Solar advocates push Maine lawmakers to preserve net metering
- A newly formed association for solar advocates in Maine, Solar Energy Association of Maine, is petitioning the Maine Public Utilities Commission (MPUC) to preserve the current net metering policy that compensates distributed solar users for excess energy sent to the grid, PV Tech reports.
- The MPUC is conducting a proceeding to evaluate the state's net metering policy and weigh alternative policies aimed at soloar growth. One of those alternatives is a market-based solution submitted by Maine’s legislature and endorsed by Revision Energy, the Natural Resources Council of Maine, and the energy subcommittee of the Maine Association of Building Efficiency Professionals, which includes many solar installers.
- Thus far, the petition has garnered more than 4,000 signatures by the end of last week, with the association saying that eliminating net metering "threatens Mainers' ability to make private investments to generate their own electricity.
Maine's solar sector might be small, but major policy evolutions for distributed solar are underway in the nascent market. Some of these evolutions include net metering and the value of solar.
In June of last year, Maine’s Office of the Public Advocate Mission, which focuses on utility customers, paired up with a state lawmaker to lead a joint committee of the Maine'’s Legislature to pass a bill that would give solar developers a chance to opt out of net metering at every level to capture more of the value of solar.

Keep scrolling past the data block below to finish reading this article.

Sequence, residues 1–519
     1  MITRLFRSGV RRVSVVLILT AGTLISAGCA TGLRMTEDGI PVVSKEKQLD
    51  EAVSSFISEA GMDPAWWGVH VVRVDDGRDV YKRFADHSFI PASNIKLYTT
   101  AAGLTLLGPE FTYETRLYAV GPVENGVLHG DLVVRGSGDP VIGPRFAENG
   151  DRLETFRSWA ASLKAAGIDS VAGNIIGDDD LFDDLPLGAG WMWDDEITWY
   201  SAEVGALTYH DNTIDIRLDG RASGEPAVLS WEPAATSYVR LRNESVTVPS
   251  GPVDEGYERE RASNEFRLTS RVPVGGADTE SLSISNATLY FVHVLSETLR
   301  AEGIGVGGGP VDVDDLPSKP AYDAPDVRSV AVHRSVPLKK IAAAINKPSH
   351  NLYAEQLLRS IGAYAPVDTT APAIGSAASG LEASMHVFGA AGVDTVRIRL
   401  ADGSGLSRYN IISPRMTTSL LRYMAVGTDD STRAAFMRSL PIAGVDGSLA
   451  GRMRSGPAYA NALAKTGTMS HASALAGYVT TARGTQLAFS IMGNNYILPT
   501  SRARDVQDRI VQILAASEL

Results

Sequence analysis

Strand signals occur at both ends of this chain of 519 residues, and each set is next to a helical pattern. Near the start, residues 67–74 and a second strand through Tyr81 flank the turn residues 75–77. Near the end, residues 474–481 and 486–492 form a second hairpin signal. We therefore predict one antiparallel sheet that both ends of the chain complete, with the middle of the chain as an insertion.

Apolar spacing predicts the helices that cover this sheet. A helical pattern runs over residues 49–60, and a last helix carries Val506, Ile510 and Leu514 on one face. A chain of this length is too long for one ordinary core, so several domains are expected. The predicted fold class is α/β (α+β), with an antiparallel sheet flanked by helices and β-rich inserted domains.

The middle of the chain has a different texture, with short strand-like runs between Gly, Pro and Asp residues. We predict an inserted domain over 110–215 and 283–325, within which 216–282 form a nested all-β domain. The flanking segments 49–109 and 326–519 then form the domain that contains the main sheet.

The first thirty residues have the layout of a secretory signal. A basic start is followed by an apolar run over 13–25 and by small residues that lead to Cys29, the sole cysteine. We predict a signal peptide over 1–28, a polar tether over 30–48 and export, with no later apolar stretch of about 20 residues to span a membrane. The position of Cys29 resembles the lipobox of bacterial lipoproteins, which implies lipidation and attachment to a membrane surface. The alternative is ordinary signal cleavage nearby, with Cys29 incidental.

The proposal is a multi-tiered market-based aggregation credit that incorporates a reverse auction mechanism (RAM) for developers of commercial-industrial and utility-scale projects to bid competitively. A neutral Standard Buyer agency would pick the offers that come in at the lowest prices and aggregate and sell renewables-generated electricity into all available markets to monetize the full value of solar.
In Maine, the Solar Energy Association of Maine said that dominant utility Central Maine Power is partnering with out-of-state interests to push out local competition posed by distributed solar, the news outlet report.
National utility trade group the Edison Electric Institute was one such entity to get involved in Maine's net metering debate, according to PV Tech. In addition to the local flurry surrounding net metering, Senator Angus King (I-Maine) partnered with Sen. Harry Reid (D-Nevada) for an amendment to the U.S. Senate Energy Bill that would protect net metering for residential distributed solar.
California regulators just voted to keep the retail rate credit in place but will reconsider it in 2019. Nevada regulators last month voted to incrementally lower the credit value to below the wholesale electricity rate by 2020. Hawaii regulators voted last fall to replace NEM with a new incentive system.
Net metering has been an ongoing debate in many states. Solar advocates argue the solar value proposition is compromised by a reduced credit. Utilities argue their non-solar owning customers bear an unfair share of system cost because of solar owners reduced bills.